•The SGR is the biggest Chinese project yet in Kenya. It was conceived by President Kenyatta and President of the People's Republic of China, Xi Jinping.
•It has put Kenya on the path to industrialisation, especially in manufacturing and value addition.
According to data released by the Kenya National Bureau of Statistics (KNBS) on July 6, the standard gauge railway (SGR) passenger train moved some 7.78 million passengers between Nairobi and Mombasa since its inception in June 2017.
In 2021 the Chinese-built train carried the highest number of passengers at two million passengers, with 2018 coming second at 1.67 million passengers ferried.
Further, KNBS said the SGR ferried 699,055 passengers in 2017, 1.59 million passengers in 2019, and 1.29 million passengers in 2020. This massive movement of people using the modern rail service dubbed Madaraka Express is a display of increasing popularity of the SGR. The train has reduced travel time for passengers from Nairobi to Mombasa from an average of 10 hours to only five.
The 472-km SGR which was officially launched by President Uhuru Kenyatta on May 31, 2017 ushered in a new era in Kenya’s future national development. This is emphasised by the fact that it is the single most expensive infrastructural project in Kenya’s history. It has opened up the business potential along its route as people use the cargo line along the stages to transport various products, particularly agricultural.
The SGR is the biggest Chinese project yet in Kenya. It was conceived by President Kenyatta and President of the People's Republic of China, Xi Jinping, when they jointly witnessed signing of the memorandum of understanding on financing the Mombasa-Nairobi SGR Project on August 19, 2013.
The building of the SGR was necessary. First, the old railway technology and system had become an outmoded meter-gauge railway with low speeds, obsolete facilities, and low payload. This state of affairs was gradually hampering transportation of people and goods between the two most economically significant destinations in the country.
Alongside numerous other investments in key infrastructure projects (energy, roads, water) that drive investment, SGR is putting Kenya on the path to industrialisation, especially in manufacturing and value addition. This will ultimately improve the country’s import/export ratio through Mombasa and Lamu ports.
The most immediate impact of SGR includes reliable and high capacity transport, reduced freight tariff, de-congested roads leading to savings in road maintenance, de-congested port, skills transfer and an increase in employment opportunities, directly and indirectly, through industries that are coming up along the railway line development.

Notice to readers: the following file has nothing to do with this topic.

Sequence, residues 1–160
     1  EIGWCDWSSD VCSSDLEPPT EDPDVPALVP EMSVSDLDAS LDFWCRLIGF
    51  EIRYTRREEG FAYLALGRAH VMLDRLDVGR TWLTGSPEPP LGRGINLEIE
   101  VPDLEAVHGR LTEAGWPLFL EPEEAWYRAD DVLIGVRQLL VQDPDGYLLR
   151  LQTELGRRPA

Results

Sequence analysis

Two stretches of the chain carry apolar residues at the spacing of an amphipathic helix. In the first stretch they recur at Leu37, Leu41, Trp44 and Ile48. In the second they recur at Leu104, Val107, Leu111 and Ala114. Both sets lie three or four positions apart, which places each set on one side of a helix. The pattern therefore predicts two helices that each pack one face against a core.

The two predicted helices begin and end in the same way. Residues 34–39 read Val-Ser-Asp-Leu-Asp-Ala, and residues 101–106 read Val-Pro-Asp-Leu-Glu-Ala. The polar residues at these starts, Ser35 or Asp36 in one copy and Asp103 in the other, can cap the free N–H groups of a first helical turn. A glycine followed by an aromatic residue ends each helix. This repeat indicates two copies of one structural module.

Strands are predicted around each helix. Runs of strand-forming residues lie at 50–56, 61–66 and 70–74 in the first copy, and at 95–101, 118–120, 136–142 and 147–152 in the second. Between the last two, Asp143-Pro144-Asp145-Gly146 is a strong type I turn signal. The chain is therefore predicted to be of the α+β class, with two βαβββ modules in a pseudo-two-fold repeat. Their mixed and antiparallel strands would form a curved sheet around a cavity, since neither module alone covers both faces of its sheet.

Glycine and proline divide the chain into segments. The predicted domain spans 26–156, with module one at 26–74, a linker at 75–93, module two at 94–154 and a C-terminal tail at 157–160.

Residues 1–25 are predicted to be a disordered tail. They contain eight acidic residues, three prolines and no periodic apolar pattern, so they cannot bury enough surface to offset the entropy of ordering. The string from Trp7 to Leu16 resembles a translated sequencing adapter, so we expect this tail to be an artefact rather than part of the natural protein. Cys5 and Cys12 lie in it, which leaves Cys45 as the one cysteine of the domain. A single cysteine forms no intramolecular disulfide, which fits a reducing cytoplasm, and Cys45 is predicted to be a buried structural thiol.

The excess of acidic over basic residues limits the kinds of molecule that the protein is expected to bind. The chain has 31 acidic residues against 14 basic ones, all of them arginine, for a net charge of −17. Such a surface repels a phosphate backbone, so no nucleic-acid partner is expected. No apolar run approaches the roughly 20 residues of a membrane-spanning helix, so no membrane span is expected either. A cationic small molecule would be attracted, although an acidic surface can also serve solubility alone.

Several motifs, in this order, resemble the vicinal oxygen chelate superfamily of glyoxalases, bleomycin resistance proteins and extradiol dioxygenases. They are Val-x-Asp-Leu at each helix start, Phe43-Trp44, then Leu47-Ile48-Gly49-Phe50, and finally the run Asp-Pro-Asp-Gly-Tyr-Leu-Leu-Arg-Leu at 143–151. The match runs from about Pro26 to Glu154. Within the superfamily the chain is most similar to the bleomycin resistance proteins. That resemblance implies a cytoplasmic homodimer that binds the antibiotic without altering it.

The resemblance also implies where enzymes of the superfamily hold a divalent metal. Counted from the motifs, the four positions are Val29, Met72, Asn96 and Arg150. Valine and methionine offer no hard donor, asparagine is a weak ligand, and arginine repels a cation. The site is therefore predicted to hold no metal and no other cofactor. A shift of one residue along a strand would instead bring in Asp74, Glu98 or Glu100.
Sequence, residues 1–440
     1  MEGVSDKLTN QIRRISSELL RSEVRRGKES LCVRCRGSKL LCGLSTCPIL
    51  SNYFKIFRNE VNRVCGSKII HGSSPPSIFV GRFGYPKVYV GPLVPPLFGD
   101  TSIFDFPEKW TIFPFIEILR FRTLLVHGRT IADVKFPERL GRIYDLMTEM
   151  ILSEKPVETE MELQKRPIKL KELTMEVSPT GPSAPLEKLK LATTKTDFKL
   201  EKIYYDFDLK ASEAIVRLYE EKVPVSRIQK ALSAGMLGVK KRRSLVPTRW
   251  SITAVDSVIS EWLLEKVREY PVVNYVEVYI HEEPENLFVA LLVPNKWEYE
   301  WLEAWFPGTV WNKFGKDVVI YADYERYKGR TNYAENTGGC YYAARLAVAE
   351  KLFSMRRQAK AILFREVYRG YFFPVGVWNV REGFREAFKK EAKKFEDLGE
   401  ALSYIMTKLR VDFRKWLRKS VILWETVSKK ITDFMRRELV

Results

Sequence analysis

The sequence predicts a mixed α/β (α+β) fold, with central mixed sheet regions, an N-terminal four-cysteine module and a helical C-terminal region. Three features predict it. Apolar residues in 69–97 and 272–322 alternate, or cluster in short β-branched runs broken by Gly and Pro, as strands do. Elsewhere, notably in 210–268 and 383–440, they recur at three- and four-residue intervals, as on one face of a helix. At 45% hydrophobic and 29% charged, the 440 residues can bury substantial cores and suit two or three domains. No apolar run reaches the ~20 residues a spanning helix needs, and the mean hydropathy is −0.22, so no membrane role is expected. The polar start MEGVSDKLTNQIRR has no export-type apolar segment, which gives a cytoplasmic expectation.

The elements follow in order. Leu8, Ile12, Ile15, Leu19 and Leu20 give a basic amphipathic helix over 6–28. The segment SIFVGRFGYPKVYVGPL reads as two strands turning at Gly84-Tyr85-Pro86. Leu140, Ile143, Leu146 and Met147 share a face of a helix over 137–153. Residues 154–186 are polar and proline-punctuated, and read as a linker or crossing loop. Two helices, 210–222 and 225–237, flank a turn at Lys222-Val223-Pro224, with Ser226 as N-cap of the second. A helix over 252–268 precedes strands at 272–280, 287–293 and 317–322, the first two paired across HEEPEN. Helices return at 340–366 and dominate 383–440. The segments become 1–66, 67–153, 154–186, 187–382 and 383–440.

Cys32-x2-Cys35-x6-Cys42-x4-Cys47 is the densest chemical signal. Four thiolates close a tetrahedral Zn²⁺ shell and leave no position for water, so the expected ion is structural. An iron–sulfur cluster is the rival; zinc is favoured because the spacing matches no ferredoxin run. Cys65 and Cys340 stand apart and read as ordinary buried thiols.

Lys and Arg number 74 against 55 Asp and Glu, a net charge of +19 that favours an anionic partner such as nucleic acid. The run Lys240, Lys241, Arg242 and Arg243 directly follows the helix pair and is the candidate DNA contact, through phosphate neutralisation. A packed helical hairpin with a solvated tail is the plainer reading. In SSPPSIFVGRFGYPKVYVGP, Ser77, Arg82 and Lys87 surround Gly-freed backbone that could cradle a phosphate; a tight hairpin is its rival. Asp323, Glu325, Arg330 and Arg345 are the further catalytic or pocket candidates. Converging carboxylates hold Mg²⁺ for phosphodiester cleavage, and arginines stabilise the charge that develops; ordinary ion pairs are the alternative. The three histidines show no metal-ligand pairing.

The SGR is in line with the East African Railway Masterplan, which aims at rejuvenating existing railways serving Tanzania, Kenya and Uganda, and extending them initially to Rwanda and Burundi, and eventually, to South Sudan, Ethiopia and beyond. SGR is also a Kenya Vision 2030 project, which places efficient transportation as a major enabler of both national and regional development.
Goods going to the EA hinterland countries of Uganda, Rwanda and Burundi will be cheaper due to decreased transport costs and faster arrival to their destinations. It takes at least two days for trucks to reach Kampala from Mombasa, which could now take a day once the railway reaches Kisumu. It will also make integration of the EA Community a reality with the easy movement of people within the region.
According to the President’s Delivery Unit (PDU), the SGR is a modern, efficient transport system that is enabling safe, comfortable travel for individuals and freight across the country and region at lower costs. The PDU says 1,620 freight wagons and 40 passenger coaches have been procured, 60 railway engineers have undergone training in China and 400 diploma holders taken through railway courses.
In addition, 30,000 Kenyans have been employed by the SGR and KSh 82 billion local content value has been added. In the second phase of SGR, from Nairobi to Suswa, 40 percent of the contracts were allocated to Kenyan citizens as promised.
The SGR has undergone a few challenges, the major being sabotage. Already, a section of the railway has been vandalized, either for economic or political reasons. Scrap metal is big business in Kenya, and unscrupulous dealers know that the metals used to construct the rails are of the highest quality in terms of toughness.
Politically, there are those who see SGR as being evidence of the current government’s (Jubilee’s) fulfillment of some of its most ambitious flagship promises and would want to see it fail by interfering with its efficiency!
But SGR’s impact has reached the “common man” in terms of being a cheap and efficient channel to do business. It has proved to the economic game changer it was touted to be at both the national and local levels.
The writer is the Executive Director of South-South Dialogues, a Nairobi based research and development communication think tank.